Australian Securities Class Action Landscape Continues to Shift

Last quarter, the Australian securities class action landscape saw the impact of Treasurer Josh Frydenberg’s May 22 promise to subject litigation funders and their funding agreements to regulation. After uncertainty following the High Court’s rejection last year of common fund orders and optimism this year after Victoria permitted class action lawyers to charge contingency fees, the federal government’s July 23 Regulations, which took effect last quarter, portend significant setbacks for investors.

The Treasurer estimates funder compliance costs at $3.19 million per year: $1.1 for licensing and $2.1 for MIS requirements. Without further details, he concludes this additional cost is “not expected to reduce competition.” In truth, this figure understates the actual cost for investors. The resource burden and compliance risks will decrease the number of litigation funders in the Australian market, forcing consolidation and concentrating activity with larger players like Maurice Blackburn and Omni Bridgeway, while marginalizing smaller players.

With fewer funders, there will be less capital available to finance fewer matters. Funders will limit themselves to larger, less risky cases. They will focus on defendant companies with more institutional holders to minimize the number of participating clients needed to reach investment viability. Meanwhile, companies equally guilty of misconduct but with more retail investors will be neglected, harming the very consumers on whose behalf the Treasurer says he’s acting. Cases will take longer to launch due to regulatory requirements.

Over the last few years, funder fees in securities cases have fallen steadily. These regulatory changes will put an end to that. Whereas before we saw single-digit success fees in high profile matters, post-regulations, we expect funder fees to increase, reflecting decreased competition and higher compliance costs. Classes will more frequently be filed on a closed basis and participation will be more limited to larger investors, marginalizing and perhaps fully shutting out retail investors who have already been marginalized, particularly after the elimination of common fund orders.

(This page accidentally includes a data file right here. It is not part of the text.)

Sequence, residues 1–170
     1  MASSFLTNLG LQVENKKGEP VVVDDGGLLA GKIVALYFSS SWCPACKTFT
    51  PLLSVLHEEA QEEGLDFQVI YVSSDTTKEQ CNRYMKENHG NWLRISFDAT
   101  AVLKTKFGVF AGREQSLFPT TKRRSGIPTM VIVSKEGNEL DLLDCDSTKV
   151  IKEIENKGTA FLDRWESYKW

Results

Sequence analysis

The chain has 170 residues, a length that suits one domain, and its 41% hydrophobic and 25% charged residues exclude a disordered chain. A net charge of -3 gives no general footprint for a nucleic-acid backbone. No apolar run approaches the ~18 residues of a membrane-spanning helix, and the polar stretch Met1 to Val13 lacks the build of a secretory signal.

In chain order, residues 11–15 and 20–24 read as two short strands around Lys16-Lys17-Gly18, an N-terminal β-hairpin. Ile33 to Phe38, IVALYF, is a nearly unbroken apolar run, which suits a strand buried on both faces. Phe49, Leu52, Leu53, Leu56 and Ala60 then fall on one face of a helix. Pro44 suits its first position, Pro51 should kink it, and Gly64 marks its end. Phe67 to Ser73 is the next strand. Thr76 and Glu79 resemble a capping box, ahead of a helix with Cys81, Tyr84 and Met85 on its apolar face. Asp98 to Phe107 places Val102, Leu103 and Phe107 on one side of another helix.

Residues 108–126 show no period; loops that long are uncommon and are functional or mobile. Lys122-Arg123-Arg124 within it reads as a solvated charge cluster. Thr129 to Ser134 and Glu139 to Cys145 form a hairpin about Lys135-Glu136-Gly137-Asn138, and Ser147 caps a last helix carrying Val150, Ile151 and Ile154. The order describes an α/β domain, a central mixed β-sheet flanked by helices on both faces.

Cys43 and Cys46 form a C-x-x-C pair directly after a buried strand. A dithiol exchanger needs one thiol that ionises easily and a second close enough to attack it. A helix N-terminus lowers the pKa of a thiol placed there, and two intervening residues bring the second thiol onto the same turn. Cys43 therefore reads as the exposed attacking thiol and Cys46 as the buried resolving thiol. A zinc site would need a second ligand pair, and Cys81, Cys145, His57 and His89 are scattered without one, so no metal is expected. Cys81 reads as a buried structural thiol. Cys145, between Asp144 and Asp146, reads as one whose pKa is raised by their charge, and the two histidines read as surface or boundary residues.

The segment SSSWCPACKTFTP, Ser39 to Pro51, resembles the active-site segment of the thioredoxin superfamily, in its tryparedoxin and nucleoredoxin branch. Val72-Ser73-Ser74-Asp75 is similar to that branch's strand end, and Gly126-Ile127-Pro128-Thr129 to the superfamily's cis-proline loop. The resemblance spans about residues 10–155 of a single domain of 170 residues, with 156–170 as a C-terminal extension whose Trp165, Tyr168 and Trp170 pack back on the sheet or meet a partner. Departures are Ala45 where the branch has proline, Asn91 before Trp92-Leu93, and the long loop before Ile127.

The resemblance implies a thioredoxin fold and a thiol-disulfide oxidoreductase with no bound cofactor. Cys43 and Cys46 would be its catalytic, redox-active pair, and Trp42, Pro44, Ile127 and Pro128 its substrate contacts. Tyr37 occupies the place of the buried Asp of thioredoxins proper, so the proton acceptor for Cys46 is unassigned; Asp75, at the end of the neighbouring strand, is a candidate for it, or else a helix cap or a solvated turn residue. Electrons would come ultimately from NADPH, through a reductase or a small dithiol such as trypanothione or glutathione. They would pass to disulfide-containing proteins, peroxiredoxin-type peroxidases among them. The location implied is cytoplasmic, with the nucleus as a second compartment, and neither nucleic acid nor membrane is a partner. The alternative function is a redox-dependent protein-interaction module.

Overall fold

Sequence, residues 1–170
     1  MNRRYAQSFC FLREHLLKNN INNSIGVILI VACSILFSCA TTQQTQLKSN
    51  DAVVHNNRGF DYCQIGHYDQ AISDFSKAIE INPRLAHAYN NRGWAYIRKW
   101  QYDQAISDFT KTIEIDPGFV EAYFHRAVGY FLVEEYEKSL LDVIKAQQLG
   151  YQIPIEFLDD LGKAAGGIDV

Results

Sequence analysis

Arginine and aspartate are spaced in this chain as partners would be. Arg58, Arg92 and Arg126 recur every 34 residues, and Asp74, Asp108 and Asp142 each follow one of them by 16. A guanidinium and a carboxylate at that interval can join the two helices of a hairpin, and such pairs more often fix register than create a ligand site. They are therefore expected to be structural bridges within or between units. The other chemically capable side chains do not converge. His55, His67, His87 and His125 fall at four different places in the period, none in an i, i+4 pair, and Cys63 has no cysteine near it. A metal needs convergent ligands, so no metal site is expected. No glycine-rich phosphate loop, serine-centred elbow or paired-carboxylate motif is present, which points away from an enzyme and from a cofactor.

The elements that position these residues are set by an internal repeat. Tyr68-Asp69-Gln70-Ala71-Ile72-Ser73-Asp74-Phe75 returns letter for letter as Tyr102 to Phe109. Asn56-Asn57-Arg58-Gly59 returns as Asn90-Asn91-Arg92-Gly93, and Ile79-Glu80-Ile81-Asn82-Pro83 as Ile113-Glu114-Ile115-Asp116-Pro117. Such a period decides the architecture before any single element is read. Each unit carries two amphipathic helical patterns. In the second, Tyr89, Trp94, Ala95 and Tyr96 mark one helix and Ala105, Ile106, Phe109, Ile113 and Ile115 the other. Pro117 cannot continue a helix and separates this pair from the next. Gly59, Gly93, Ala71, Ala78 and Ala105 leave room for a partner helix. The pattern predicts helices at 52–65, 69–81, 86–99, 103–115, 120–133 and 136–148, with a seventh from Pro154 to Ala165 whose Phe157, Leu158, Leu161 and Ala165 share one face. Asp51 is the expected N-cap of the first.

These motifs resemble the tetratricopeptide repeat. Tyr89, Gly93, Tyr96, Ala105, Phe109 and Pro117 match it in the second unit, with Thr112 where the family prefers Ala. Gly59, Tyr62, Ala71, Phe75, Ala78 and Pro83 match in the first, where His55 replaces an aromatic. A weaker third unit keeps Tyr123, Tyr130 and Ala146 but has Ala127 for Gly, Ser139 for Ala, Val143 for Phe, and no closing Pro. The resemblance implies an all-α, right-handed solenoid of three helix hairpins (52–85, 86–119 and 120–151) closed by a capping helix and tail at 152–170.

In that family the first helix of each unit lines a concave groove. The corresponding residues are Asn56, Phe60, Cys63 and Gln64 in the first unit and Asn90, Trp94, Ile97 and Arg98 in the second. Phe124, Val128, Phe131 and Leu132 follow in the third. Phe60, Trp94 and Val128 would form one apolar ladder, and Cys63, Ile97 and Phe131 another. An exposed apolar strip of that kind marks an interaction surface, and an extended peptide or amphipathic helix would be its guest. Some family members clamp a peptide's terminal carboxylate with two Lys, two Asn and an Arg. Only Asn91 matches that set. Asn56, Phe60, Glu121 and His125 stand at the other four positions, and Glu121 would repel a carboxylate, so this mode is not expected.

Unless opposing pressure is brought to bear, we expect to see continued successful government-led assaults on shareholder rights in Australia. The Treasurer has expressed concern that his current changes may not go far enough, promising to re-assess things in his Post-Implementation Review. RIS, at 9. Meanwhile, the Attorney General has launched a fourth round of government inquiries seeking support for his stated conclusion that litigation funders and securities class actions are harming corporate Australia. This support was not found and was largely refuted, in three earlier government inquiries.

The Treasurer and Attorney General efforts go hand in hand. As the Treasurer noted in his Regulatory Impact Statement:

To the extent that a smaller cohort of funders is captured by the changes than is preferable, there is scope for the Parliamentary Join Committee inquiring into litigation funding and the class action industry to recommend further changes when it reports in December 2020.

In the meantime, Corporate Australia has launched efforts to dilute their disclosure obligations – which the Treasurer suspended using emergency powers related to the pandemic – and to prevent the spread of legal contingency fees beyond Victoria.

If these efforts are not opposed, investors risk losing essential rights and protections. The longer-term cost to the integrity of Australia capital markets will go well beyond any dollars they may lose in particular investments. In the words of the immortal John Donne, “send not to know for whom the bell tolls. It tolls for thee.”

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Mike Lange